[return to percussion music home]
While the cowbell is commonly found in musical contexts, its origin can be traced to freely roaming animals. In order to help identify the heard to which these animals belonged herdsmen placed these bells around the animal's necks. As the animals moved about the bell would ring, thus making it easier to know of the animal's whereabouts. While bells may used on various types of animals, they are typically refered to as "cowbells" due to their extensive use with cattle. Cowbells are commonly trapezoid, cylindrical or cup-shaped.
As a musical instrument
Greek herdsmen often use several bells attached to principal animals which produce a distinctive chord. The scale on which this chord is based is then reproduced in the herdsman's pipe - so he can play along with the herd. Similar bells have been used in Western European "Classical" music to evoke a pastoral mood.
Clapperless cowbells made of metal are an important element in Latin-American and go go music. These cowbells are struck with a stick - the tone being modulated by striking different parts of the bell and by damping with the hand holding the bell.
In several parts of the world (notably in West Africa) pairs or trios of clapperless bells are joined in such a way that they can be struck separately or clashed together. The Brazilian name for these is "agogo" bells. Cylindrical wood blocks played in the same way are also called "agogo". In Cuban music the cowbell is often played by the bongocero.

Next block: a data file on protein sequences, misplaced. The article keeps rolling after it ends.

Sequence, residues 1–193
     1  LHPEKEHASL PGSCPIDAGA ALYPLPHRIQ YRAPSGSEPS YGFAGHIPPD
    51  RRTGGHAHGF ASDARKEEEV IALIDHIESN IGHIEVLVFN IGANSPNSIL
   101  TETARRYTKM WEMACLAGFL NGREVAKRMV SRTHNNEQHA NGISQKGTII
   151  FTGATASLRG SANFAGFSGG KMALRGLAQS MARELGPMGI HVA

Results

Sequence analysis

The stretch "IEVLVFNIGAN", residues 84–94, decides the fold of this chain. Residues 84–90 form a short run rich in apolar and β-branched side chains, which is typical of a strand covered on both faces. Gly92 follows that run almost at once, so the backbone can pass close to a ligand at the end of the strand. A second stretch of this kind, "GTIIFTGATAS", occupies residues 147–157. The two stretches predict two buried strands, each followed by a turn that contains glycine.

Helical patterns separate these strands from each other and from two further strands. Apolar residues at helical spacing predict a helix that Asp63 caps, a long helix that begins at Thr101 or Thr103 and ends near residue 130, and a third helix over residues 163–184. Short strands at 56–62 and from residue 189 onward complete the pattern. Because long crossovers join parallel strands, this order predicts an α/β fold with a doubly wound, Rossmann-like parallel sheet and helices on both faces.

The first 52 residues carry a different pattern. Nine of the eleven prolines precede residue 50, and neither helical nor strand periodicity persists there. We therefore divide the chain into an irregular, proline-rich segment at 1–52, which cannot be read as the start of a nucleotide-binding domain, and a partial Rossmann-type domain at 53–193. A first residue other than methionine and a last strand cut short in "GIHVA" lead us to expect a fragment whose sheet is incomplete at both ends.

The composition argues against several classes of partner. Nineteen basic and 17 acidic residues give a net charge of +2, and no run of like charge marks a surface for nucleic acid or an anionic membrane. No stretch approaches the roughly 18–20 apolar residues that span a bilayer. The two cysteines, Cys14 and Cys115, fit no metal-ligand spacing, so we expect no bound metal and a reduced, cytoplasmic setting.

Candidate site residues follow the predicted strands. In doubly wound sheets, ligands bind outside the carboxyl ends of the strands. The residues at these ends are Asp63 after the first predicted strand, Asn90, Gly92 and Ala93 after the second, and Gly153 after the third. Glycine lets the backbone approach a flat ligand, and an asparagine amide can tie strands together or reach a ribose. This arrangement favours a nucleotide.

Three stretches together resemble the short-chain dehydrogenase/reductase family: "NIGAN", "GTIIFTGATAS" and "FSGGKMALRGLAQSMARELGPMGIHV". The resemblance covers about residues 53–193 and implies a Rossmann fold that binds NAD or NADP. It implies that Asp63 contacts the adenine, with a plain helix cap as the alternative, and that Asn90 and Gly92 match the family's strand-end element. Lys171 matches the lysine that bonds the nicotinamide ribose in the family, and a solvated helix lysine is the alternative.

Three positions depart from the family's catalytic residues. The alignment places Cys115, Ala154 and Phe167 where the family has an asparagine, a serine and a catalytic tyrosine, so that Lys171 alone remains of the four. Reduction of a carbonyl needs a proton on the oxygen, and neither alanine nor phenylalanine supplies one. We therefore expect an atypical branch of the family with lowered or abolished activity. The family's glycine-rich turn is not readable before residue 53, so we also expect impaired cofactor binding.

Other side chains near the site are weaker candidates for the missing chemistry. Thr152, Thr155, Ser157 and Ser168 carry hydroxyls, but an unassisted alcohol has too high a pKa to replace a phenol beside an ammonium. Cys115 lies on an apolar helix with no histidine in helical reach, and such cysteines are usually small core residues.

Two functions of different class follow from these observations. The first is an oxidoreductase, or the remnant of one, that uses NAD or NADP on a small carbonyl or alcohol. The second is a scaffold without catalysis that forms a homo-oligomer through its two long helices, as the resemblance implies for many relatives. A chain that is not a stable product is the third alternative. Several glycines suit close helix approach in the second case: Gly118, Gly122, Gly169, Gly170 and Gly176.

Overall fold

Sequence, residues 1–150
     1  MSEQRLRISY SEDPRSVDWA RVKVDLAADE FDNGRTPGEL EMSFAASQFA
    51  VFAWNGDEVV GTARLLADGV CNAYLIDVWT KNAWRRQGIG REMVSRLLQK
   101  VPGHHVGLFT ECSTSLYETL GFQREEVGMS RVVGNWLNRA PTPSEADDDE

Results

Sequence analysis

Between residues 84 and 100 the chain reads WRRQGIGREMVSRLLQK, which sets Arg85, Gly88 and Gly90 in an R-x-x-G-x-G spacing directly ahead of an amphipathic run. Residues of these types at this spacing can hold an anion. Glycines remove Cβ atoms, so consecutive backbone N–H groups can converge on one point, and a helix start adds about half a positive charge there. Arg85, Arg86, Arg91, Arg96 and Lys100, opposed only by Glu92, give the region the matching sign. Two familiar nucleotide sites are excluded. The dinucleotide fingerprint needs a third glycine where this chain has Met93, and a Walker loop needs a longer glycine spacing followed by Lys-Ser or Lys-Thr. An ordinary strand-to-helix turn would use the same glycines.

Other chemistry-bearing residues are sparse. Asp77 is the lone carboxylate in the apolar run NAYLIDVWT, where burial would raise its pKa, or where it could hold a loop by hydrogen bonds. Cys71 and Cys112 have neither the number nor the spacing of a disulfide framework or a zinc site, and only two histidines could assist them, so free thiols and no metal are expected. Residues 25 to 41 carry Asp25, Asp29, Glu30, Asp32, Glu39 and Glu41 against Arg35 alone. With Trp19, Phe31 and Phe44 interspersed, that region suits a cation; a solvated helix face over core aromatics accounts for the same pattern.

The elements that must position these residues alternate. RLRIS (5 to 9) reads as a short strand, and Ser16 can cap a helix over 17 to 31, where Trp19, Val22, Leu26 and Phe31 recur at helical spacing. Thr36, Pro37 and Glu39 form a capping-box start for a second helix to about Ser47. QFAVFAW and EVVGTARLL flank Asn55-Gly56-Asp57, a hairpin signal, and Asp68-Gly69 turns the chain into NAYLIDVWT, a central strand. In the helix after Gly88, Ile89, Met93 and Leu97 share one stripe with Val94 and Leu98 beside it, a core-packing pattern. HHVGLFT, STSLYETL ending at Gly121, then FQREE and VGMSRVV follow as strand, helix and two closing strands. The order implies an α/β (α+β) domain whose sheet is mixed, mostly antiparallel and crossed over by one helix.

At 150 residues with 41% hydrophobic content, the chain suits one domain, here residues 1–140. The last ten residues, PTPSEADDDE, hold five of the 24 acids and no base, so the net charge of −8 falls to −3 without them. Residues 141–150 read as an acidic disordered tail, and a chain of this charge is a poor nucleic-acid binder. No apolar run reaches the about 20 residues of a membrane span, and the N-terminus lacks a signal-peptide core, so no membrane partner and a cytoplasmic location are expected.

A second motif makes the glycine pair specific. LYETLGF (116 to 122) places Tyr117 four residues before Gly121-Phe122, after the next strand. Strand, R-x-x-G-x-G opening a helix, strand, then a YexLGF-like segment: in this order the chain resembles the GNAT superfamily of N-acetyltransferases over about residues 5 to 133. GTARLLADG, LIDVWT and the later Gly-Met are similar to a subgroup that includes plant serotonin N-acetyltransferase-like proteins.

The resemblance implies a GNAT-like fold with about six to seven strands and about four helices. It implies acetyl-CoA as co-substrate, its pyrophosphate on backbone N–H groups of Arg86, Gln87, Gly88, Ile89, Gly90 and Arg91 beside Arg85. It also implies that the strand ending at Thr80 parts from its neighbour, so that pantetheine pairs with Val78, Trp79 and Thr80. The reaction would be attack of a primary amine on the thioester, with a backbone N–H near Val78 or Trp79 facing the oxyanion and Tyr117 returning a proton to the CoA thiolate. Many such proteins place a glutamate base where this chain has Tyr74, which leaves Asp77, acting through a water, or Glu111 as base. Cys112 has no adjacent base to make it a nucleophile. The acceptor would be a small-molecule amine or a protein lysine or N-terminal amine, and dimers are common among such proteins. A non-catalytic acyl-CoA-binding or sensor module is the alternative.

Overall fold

Many popular recordings have featured the cowbell, including War's "Low Rider"; the Beatles' "Taxman", "A Hard Day's Night", and "Drive My Car"; Mountain's "Mississippi Queen", and Loverboy's "Working for the Weekend." The cowbell was also the subject of a famous Saturday Night Live skit; see More Cowbell.
The Roland TR-808 drum machine was noted for its distinctive cowbell sound, which sounded almost nothing like an actual cowbell; the sound was highly electronic with a sharp, short decay. Regardless of its lack of realism, the TR-808 cowbell became a popular sound in 1980s R&B and hip hop music, popularized by Jimmy Jam & Terry Lewis-produced artists such as The SOS Band and Janet Jackson. Its distinctive sound (and possibly its notoriety for sounding so little like a real cowbell) ensured its continued use by hip hop and R&B artists well into the 1990s and 2000s, as well as by bands in other genres such as the Super Furry Animals ("Juxtaposed With U") and the Dismemberment Plan ("You Are Invited").
Cowbells are sometimes popular noisemakers at sporting events, despite attempts to suppress them. In the United States, they are most closely identified with Mississippi State University, whose football fans smuggle in cowbells by the thousands despite a ban on artificial noisemakers by its conference, the Southeastern Conference. Cornell ice hockey fans who are also known for their zealous support of their team have cheers that feature use of a cowbell while in Lynah Rink. The San Jose SaberCats of the Arena Football League are also (in)famous for their fans' use of cowbells. In New Zealand, supporters of the Waikato Rugby Union invariably use cowbells at home matches; this has been carried over to home matches of the Chiefs, the Super 14 franchise centered on the Waikato region.
This article is licensed under the GNU Free Documentation License.
© 2008 PercussionMusic is an instructional site provided by the makers of the violin site.